In the wilderness lies the preservation of the world.
Henry David Thoreau

The journey into the Toba Valley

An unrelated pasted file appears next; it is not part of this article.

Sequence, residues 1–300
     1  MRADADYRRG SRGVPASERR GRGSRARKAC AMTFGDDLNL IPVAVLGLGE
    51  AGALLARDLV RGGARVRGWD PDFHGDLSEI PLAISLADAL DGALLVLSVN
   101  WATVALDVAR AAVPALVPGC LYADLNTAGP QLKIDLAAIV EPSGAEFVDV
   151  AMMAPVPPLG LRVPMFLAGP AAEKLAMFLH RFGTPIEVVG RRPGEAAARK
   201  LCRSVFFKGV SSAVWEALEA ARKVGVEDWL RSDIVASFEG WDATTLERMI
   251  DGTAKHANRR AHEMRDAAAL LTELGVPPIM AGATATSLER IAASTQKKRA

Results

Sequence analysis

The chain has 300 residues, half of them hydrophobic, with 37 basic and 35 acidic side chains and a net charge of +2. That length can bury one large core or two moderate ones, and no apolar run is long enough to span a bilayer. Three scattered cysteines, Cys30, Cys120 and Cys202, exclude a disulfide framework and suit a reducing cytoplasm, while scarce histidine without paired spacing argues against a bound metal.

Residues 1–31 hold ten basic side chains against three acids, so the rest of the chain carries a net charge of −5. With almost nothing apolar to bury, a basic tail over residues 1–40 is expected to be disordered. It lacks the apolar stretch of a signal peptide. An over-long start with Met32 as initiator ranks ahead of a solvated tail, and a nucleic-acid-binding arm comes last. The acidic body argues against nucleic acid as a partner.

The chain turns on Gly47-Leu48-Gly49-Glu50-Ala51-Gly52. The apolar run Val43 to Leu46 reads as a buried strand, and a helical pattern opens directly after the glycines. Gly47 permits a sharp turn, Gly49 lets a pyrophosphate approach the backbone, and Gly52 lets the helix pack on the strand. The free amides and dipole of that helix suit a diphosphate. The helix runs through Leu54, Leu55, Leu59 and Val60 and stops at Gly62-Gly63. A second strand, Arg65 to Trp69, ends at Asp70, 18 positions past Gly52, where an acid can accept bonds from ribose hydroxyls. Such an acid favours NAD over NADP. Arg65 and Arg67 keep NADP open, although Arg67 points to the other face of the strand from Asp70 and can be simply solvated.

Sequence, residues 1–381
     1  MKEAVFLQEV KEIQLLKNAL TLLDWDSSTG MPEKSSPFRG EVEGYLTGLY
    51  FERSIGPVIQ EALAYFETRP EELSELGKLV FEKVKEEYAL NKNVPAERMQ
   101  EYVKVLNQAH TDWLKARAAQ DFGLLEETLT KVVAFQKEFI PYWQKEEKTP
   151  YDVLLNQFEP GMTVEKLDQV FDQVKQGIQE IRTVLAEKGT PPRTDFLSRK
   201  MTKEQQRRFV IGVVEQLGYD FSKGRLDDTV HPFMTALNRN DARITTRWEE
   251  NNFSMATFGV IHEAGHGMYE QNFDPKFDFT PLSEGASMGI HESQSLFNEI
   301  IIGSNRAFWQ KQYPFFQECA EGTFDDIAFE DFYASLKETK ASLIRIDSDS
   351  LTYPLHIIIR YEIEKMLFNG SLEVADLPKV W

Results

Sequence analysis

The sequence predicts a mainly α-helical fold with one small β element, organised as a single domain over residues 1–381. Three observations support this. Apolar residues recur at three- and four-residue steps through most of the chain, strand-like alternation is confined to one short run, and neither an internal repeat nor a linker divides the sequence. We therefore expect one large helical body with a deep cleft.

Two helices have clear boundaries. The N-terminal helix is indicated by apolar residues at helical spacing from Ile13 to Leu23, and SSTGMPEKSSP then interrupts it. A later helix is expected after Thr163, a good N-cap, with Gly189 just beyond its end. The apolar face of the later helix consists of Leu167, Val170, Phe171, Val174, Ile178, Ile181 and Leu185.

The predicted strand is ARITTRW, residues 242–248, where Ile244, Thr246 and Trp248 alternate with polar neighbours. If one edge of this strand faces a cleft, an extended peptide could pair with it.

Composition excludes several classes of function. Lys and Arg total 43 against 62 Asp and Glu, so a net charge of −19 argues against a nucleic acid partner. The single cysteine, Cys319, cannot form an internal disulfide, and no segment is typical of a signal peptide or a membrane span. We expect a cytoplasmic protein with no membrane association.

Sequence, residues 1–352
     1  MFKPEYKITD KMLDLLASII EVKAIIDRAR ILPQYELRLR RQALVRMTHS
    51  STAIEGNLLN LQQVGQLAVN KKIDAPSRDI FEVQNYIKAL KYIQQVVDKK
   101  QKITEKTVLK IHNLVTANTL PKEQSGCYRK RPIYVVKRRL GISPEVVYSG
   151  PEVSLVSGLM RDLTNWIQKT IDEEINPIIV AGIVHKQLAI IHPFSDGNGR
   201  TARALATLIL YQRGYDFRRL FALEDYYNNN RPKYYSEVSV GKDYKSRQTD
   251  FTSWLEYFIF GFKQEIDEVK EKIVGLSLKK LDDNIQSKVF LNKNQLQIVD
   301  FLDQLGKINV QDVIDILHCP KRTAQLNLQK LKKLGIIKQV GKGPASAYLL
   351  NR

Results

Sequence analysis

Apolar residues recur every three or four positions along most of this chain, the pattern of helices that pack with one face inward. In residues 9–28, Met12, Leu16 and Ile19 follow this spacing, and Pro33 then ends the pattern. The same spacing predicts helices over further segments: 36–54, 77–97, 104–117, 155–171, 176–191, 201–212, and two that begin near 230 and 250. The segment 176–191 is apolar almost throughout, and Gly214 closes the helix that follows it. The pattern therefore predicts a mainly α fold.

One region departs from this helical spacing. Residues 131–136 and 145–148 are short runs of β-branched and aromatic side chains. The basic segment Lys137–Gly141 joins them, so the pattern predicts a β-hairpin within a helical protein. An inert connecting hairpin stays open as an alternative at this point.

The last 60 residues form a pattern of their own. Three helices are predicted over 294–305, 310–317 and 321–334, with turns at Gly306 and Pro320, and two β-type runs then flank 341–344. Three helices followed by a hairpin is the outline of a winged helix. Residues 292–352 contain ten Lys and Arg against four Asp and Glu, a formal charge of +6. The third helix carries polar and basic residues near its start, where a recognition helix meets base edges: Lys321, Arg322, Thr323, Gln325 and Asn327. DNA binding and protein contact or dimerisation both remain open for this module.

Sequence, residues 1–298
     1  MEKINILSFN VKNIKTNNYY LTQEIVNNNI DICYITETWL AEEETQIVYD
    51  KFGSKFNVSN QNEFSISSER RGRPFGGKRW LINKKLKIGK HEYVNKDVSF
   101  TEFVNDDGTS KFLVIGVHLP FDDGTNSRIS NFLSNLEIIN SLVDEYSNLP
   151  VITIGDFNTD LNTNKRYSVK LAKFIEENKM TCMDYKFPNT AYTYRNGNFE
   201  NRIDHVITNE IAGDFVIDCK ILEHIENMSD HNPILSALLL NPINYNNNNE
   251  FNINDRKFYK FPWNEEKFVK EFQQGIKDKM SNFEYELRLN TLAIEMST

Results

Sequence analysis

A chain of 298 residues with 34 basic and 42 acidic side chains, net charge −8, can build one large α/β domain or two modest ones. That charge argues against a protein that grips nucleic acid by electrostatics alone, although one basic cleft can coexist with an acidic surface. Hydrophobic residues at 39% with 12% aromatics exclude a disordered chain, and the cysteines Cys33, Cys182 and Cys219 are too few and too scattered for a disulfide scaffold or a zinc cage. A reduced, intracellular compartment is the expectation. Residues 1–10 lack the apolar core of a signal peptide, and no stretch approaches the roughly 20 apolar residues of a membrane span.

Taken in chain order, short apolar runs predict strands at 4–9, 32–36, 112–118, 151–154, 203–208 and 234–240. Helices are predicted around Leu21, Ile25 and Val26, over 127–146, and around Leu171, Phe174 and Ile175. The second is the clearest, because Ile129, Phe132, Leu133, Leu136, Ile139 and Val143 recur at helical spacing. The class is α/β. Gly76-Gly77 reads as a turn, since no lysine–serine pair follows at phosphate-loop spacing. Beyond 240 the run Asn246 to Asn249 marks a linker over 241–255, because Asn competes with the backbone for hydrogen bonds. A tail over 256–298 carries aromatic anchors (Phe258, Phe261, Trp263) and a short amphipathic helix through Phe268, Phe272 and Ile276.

Hey! Early this morning we took leave from the soft beds in Strathcona Lodge that we had come to love in order to go to the Toba Valley. At least that was the plan until we (or rather Kai) noticed that there was no bus. As we environmental ambassadors had breakfast, a replacement bus was organized. In addition, David drove with his van. After a rocky start, we all arrived at the dock on time and boarded a small boat… all except Kai, David and Tobi, who traveled in a rubber speedboat behind us. But Kai couldn’t stand the adverse conditions and after about a half hour he got into the larger, covered boat. In the meantime it had started to rain. We traveled over the ocean for a while, past many small, forested islands and had a relaxing, fun time. All of a sudden the boat stopped. Our captain pointed to the shoreline and said: “There’s a grizzly!” We all looked in the direction in which he pointed, unbelieving, and all we could recognize were a few boulders. But he was sure of it and navigated the boat closer and closer to the shore. All of a sudden I saw it too: the legendary grizzly. It was still quite young and not very shy, so we could watch it for about 20 minutes, until the rubber dinghy caught up with us. After another little while we arrived at the Toba Inlet in the early afternoon, and got off the boat to a provisional intermediate stop. But from here we could only continue travel with the smaller boat. We did not intend to spend a lot of time on the rock, but were able to soak up some sun and rest, while David, Kai and Ronny brought the first supplies and luggage to the sand bank further up the river, in a place where we intended to spend the night. Correct: intended. Most of us were still in the intermediate camp. After the first Tour, Caro, Jette and Henri were taken to the camp. After that the floods came, lots of wind and high waves so that there was no possibility to transport anything else. Only Henri and David came back to us, to get some food and sleeping supplies for the pioneers in the Toba. After they left we began to prepare ourselves for the night, putting up tarps and tents, making dinner and a campfire, and stowing all of the strong-smelling supplies in a place safe from bears. In the group there were mixed feelings about the night ahead: The joy of discovering something new, respect, maybe a bit of fear. I would love to know what others were thinking, and write about that, but at the moment we don’t have any contact to them. Surely they will tell us all about their heroic adventures tomorrow. Greetings, Clara

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